Cargo movement challenges for NCR

L to R: Anil Radhakrishnan, Founder, Accex Supply Chain & Warehousing Pvt Limited; Parimal Das, DGM - Logistics, TDT Copper Ltd; K Jaibhaskar, Delivery Manager, North India, Maerskline India Pvt Ltd; Surajit Sarkar, Chief Operating Officer, DMICDC Logistics Data Services Limited; Capt Viren M Bawa, Chief Executive Officer - CFS, CMA CGM Logistics Park Dadri Pvt Ltd; Sanjay Swarup, Director (International Marketing & Operations) Container Corporation of India Ltd

Issues related to time and cost efficiency of logistics were discussed taking in context various modes of transport

Anil Radhakrishnan, Founder, Accex Supply Chain & Warehousing Pvt Ltd moderated the second session with theme statement ‘Cargo Movement Challenges for NCR.’ Different speakers voiced their opinions on the challenges.

Jaibhasker, Delivery Manager, North India, Maerskline India Pvt Ltd, kicked off by saying that capacity has enabled containerized shipments to reach the destinations within 4 days from the date of landing at the ports of Mundra or Pipavav. However there were also occasions when the transit times were as high as 29 days.

An end user, a businessman, Parimal Das, DGM Logistics, TDT Copper Ltd said that cost was not the only factor to be considered. An equally important factor was time. To highlight the importance of time, he said that the cost of his consignment was about `3 crores and the daily interest on this consignment was Rs 3000. Further he said, addressing to the operators, it does not help him when they expressed their helplessness when situations went awry. He needed solutions and that was what he expected from them. He was not unduly concerned with the cost of the transportation, but was more perturbed with transit times. Everybody stood to benefit if time could be saved, Das reiterated.

He said that the number of documents required in some countries like China was half of what was required in India. In exports he felt that there was more room for improvement in documentation procedures. The other problem area was the holidays that tended to delay shipments, which was unnecessary. According to Das road improvement had certainly improved. Further the procedure of sealing the container at their factory was a “wonder,” which enabled faster movement of cargo from their factory premises.

Dwelling on the challenges of the hinterland movement, Capt Viren M Bawa, Chief Executive Officer -CFS, CMA CGM Logistics Park Dadri Pvt Ltd, said that though the rail movement was cheaper, road movement was preferred by the exporters due to the certainty of movement – the certainty of beating the cutoff date for vessels. However he felt that that the gap advantage of road over rail was becoming thinner.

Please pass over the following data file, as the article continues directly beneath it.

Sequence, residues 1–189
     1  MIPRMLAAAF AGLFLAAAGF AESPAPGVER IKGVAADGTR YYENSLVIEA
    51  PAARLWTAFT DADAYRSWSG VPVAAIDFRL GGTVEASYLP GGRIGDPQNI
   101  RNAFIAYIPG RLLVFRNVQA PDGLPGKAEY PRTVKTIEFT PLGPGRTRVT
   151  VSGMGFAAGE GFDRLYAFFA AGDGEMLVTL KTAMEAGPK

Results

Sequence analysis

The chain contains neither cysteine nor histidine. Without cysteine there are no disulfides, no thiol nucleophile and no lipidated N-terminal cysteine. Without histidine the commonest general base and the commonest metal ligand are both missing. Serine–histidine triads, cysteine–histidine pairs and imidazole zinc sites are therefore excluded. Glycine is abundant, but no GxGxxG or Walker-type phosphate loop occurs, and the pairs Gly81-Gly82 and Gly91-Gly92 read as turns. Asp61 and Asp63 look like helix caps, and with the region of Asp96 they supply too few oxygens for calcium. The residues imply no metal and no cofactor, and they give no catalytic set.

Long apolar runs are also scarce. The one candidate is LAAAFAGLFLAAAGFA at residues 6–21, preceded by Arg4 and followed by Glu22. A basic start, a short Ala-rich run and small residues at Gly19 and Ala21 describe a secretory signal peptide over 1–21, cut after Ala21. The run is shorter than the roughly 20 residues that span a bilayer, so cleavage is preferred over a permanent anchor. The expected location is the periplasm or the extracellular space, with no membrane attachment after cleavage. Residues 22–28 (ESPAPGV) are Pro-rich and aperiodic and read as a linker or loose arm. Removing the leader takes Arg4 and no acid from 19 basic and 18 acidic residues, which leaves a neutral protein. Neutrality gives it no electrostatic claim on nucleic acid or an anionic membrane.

Further he said that the Customs permission of allowing the exporters to self seal the export containers had propelled the shift from rail to road. However he feels that the shift would be short lived because the road transportation is fraught with risks. As a terminal operator they offer security to their shipments and other benefits. He was of the opinion that the onetime permission of self sealing should be withdrawn and be made applicable for only one Customs location. Else, he felt that the procedure would be detrimental to the ICDs and CFSs in the NCR.

Technology has come to the roads making the road movement more efficient and favourable. What would be the impact wondered Radhakrishnan? He tossed the question to Jaibhaskar and Surajit Sarkar, Chief Operating Officer, DMICDC Logistics Data Services Limited, for their views.

Sarkar said that it all came down to time. Time was cost. Jaibhaskar said that the road offered reliability and predictability which the rail could not offer. The transit time to the ports in Gujarat was 2 to 3 days at most. With GPS there was now visibility on the roads. However if the cargo were to transit by rail there was no certainty as to which route it would take from the NCR region – the North Western Railway Route (NWR), or the double stack route or the electric route. “As an end user to my customer I do not know which route it will take,” said Jaibhasker. Though the rail was the preferred carrier the factors of flexibility, reliability and predictability gave the roads an edge over rail.